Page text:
After 13 years from its first appearance, Francesca Billiani’s seminal work on the role of translation in the building of Italian National Cultures has been translated into English (National Cultures and Foreign Narratives in Italy, 1903–1943, translated by Georgia Wall, Palgrave Macmillan 2020, original title: Culture nazionali e narrazioni straniere. Italia, 1903-1943, Le Lettere, Firenze 2020). We have asked the translator and the author to present this new enterprise.
Translating National Cultures and Foreign Narratives was daunting and liberating in equal measure. Daunting in that while I imagine translating a text recognized as seminal always brings with it a weighty sense of responsibility, this is surely especially true when the text in question deals so thoroughly with the processes and impact of translations! Among the wealth of archival material featured in the text is a letter (chapter 6) in which Cesare Pavese tells translator Luigi Berti, ‘your text strays, especially in passages where the stylistic value is key […] why abolish those meticulously dropped adjectives and adverbs’; going through my translation, this critique was at the forefront of my mind! My text certainly strays in form on occasion, but what struck me about the original were the subtle shifts in Francesca Billiani’s authorial tone – from a more detached, scrupulous analysis to the enthusiastic observation of incidental events, interspersed with playful irony – and my choices represent an attempt to recreate an element of this in English.
I earn my daily bread primarily by providing advice for academics who have been asked to review their written English. Quite often, this means grappling with stubbornly poetic turns of phrase and structures and forcing them into a standard format (‘this is what I’m going to say, this is why it’s valuable, this is what I’ve said, and just in case you missed it, here’s why it’s valuable again), one deemed to be appropriate for an anglophone academic audience. In this sense, translating National Cultures and Foreign Narratives was liberating, in that helping transport a fully-fledged Italian book into English – that is, a book born within a different set of writing conventions – meant engaging with diverse structures and styles rather than supressing them.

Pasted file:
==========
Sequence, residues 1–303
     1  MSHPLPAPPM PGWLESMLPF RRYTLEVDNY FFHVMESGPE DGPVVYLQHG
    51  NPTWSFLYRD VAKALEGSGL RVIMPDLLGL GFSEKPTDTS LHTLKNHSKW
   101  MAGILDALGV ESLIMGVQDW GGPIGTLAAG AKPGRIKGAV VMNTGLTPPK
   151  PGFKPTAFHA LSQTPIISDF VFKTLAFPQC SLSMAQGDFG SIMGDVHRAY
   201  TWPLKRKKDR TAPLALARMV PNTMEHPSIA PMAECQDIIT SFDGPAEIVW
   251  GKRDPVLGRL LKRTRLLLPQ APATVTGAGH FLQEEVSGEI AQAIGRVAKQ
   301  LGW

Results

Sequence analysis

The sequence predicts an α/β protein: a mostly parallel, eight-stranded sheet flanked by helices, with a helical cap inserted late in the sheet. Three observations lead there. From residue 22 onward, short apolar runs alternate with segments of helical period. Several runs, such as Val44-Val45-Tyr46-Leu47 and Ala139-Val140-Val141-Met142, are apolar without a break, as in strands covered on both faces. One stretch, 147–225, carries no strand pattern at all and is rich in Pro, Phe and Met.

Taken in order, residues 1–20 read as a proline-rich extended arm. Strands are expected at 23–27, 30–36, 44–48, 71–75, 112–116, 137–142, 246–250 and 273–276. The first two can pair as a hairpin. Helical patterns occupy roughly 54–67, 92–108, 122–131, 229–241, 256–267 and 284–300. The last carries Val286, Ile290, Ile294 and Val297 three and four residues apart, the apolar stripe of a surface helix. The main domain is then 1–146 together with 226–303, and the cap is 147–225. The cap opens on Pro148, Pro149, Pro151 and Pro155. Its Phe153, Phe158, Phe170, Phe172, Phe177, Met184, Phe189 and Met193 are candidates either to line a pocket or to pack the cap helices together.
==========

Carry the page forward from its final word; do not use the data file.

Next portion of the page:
In a recent talk to mark International Translation Day, ‘Who is This Mythical English Reader?’, translator Gitanjali Patel suggested that the ‘English reader’ is best understood not as a person or a community, but as ‘a system or a structure that shapes the way the industry runs’. She was commenting in relation to literary translation in publishing, but it seems to me that this statement is particularly applicable to contemporary academic writing in English, where the current emphasis on making evident the value of a given contribution has shaped – and continues to shape – the form of academic contributions. So although Palgrave’s word limit for the translation meant the original text had to be cut significantly, these edits were undertaken with a view to preserve the analysis and the compelling details of the original, right down to the last footnote. (As a reader and as a translator, I was intrigued by a footnote commenting on the exchange between Ginzburg and Einaudi during Ginzburg’s period of internal exile: the image of Leone Ginzburg in a bleak Abruzzo, cramming his thoughts onto a postcard to Einaudi, begs further attention!) So yes, there are details which may not be of immediate explicit value to the central arguments of the book, but they are key in offering a broader panorama and more precise insight into the contexts in question. They also present the reader with a vast range of productive future research pathways…
When I asked Georgia to discuss her work as the translator of this book I wanted to make the translating process visible and give it the credit it deserves within the academic community. When I read the blog Georgia sent me I was almost surprised that, what was obvious to me, was also clear to the person who translated the book. And, yes, liberating is the right adjective: academic writing is more now than before hostage of rules which, if too rigorously followed, can only take freedom away from the reader, a reader who in my and everyone writerly mind should always remain an astute and knowledgeable interlocutor.
Francesca Billiani, University of Manchester